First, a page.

Business Insider: How did this all come about? What sparked your interest in focusing on drug pricing?

Elijah Cummings: The head [women’s basketball] coach of the University of Maryland had contacted me. One of her doctors had mentioned to her that there was a shortage of the drugs to treat this particular cancer for children. She just couldn’t believe it because there were just so many young people that suffered from this disease. She found out that apparently people were hoarding the drugs, jacking up the prices and making it very difficult for hospitals to get the drug at a reasonable cost.

And that started my efforts with regard to drug pricing trying to figure out exactly why that was happening. When I thought about the Shkreli situation and the Valeant situation where you have folks who, in the instance of Shkreli and Turing, buy a drug that’s been sold for 60 years at the price range of $13.50, then overnight to raise it to $750 per pill — and we’re talking about life-saving drugs — that really concerned me.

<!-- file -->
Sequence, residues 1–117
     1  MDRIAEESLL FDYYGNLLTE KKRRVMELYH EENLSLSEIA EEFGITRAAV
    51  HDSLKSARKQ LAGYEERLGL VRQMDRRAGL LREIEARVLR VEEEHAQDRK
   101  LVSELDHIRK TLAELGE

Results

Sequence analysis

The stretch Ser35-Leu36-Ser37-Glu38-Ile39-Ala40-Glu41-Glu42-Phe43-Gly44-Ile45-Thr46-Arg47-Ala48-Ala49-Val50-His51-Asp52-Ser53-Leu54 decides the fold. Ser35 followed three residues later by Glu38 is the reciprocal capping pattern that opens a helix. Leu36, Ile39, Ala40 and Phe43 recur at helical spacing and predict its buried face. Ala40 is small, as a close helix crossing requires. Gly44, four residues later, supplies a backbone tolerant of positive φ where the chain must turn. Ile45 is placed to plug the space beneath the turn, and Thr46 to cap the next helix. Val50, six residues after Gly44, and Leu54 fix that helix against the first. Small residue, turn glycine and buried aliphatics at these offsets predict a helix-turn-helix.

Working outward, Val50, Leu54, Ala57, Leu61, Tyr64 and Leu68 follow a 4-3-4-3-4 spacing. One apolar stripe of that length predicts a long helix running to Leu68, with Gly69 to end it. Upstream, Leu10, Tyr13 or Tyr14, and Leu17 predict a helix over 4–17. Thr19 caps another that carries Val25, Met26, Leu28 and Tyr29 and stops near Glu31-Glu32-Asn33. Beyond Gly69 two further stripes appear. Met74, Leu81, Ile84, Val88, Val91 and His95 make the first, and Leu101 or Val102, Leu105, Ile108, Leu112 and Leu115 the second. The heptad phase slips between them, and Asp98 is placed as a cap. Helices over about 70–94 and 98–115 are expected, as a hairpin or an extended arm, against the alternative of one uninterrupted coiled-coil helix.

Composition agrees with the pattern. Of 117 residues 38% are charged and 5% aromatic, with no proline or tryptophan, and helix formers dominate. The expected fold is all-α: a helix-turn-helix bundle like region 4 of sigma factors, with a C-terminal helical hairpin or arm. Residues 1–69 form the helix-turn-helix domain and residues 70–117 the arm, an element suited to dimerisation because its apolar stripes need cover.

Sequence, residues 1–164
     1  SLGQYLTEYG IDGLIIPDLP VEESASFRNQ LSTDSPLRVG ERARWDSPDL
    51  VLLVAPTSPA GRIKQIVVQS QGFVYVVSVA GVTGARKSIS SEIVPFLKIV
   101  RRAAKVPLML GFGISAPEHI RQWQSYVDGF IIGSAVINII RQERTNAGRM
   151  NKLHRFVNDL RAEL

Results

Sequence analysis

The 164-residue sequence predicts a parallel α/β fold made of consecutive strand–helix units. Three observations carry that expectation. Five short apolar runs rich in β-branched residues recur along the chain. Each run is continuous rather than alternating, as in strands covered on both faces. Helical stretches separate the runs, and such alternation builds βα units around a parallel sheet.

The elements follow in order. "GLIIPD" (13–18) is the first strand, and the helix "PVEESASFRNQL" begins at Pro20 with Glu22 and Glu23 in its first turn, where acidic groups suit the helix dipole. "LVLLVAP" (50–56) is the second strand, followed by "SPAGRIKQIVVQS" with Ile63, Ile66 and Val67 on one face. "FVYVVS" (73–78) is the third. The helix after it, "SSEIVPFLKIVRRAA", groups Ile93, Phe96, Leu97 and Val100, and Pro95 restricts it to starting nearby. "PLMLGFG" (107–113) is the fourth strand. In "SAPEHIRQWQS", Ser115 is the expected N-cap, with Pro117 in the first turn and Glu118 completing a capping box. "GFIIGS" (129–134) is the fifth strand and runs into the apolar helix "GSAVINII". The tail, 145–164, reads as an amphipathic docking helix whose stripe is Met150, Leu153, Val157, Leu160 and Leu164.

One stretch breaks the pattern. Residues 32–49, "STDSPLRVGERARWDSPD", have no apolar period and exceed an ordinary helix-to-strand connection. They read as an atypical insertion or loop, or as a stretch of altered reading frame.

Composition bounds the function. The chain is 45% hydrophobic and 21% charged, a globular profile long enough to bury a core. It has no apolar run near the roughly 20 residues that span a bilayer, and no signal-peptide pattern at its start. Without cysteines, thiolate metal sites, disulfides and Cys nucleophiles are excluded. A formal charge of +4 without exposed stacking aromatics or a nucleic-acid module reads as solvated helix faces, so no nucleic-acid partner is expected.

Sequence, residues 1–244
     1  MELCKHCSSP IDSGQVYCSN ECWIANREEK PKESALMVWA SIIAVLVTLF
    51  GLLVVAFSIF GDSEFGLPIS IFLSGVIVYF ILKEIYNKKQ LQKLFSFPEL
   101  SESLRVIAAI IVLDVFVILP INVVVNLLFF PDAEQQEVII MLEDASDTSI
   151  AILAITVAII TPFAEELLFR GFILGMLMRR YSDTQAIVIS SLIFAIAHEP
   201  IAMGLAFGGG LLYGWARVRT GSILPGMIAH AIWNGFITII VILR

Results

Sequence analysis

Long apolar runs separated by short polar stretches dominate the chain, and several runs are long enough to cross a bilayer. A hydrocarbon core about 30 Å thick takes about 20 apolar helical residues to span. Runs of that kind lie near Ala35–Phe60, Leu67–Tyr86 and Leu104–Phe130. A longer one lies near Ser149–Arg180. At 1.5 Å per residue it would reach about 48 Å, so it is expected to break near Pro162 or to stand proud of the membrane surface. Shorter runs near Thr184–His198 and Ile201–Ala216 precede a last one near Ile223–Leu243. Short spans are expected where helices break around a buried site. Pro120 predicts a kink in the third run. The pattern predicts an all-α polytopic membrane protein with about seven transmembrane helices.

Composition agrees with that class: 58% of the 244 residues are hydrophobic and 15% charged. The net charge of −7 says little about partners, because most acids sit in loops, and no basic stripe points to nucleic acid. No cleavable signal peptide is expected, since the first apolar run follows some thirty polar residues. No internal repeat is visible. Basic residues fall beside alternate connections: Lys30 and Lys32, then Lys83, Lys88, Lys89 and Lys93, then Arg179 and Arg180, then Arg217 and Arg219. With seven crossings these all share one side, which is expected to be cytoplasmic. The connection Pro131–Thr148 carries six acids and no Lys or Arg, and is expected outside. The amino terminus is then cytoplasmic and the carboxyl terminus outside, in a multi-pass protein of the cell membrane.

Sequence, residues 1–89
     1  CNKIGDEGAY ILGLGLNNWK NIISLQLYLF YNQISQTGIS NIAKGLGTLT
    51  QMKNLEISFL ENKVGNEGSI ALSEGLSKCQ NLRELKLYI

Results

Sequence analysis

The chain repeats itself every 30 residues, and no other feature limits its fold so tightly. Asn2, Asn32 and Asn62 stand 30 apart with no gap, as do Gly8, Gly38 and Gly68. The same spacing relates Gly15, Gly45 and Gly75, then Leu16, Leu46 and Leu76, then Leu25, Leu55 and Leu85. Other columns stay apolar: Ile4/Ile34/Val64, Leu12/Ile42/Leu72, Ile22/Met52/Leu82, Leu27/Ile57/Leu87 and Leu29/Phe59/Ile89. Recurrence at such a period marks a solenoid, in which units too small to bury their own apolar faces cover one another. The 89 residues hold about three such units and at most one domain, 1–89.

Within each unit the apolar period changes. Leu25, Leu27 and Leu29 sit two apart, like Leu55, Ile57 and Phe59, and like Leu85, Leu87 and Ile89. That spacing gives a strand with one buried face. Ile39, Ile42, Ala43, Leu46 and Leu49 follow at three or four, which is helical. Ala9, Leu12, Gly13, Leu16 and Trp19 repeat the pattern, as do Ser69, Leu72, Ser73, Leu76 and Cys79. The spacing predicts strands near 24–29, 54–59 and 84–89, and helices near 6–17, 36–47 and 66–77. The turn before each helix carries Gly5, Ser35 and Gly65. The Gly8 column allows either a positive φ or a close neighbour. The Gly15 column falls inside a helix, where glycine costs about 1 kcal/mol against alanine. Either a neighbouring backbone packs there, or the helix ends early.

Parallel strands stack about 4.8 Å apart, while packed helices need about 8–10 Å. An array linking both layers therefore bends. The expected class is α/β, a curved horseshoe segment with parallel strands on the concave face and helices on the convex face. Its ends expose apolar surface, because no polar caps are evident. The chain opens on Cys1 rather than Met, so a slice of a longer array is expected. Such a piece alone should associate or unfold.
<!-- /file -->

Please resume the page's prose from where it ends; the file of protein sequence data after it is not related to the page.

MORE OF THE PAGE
Then we began to talk to hospitals, such as Johns Hopkins right here in Baltimore, smack dab in the middle of my district, and they were telling us that they were losing millions of dollars on drugs that Valeant produces.

When you have these kinds of price hikes, which in some cases I believe are just simply criminal and they are done because of greed, it’s like putting a gun to somebody’s head and saying you need to pay me this very high price for the drug or you die.

BI: You wrote in your memo releasing some of the internal documents from Turing and Valeant that this is a problem that’s “prominent throughout the industry.” When are other CEO’s going to be called in? For example, Pfizer raised the prices on more than 100 drugs in 2016. Are they next?

Cummings: We’re looking at several drugs, but I won’t go into those names.